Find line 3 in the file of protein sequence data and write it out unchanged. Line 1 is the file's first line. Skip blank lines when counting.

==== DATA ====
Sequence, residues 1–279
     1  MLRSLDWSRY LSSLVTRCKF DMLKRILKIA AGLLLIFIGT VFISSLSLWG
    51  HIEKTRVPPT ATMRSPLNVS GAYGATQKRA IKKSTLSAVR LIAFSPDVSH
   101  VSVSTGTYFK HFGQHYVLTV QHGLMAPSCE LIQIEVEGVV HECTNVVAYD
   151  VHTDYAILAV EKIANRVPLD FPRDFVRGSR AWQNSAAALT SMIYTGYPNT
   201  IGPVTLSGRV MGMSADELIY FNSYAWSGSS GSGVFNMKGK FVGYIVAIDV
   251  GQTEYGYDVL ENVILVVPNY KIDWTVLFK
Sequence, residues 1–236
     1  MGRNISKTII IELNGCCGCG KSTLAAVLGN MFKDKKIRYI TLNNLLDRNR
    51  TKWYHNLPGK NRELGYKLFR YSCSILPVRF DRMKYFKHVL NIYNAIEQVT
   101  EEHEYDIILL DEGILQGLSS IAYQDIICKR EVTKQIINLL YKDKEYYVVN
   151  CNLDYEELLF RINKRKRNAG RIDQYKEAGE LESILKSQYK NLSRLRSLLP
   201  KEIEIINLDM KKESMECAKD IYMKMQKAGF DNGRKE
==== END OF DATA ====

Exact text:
    51  HIEKTRVPPT ATMRSPLNVS GAYGATQKRA IKKSTLSAVR LIAFSPDVSH